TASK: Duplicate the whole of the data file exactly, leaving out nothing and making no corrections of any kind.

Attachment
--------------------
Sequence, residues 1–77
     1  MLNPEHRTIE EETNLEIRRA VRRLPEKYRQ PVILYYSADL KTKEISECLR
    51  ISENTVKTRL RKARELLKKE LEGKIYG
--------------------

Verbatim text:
Sequence, residues 1–77
     1  MLNPEHRTIE EETNLEIRRA VRRLPEKYRQ PVILYYSADL KTKEISECLR
    51  ISENTVKTRL RKARELLKKE LEGKIYG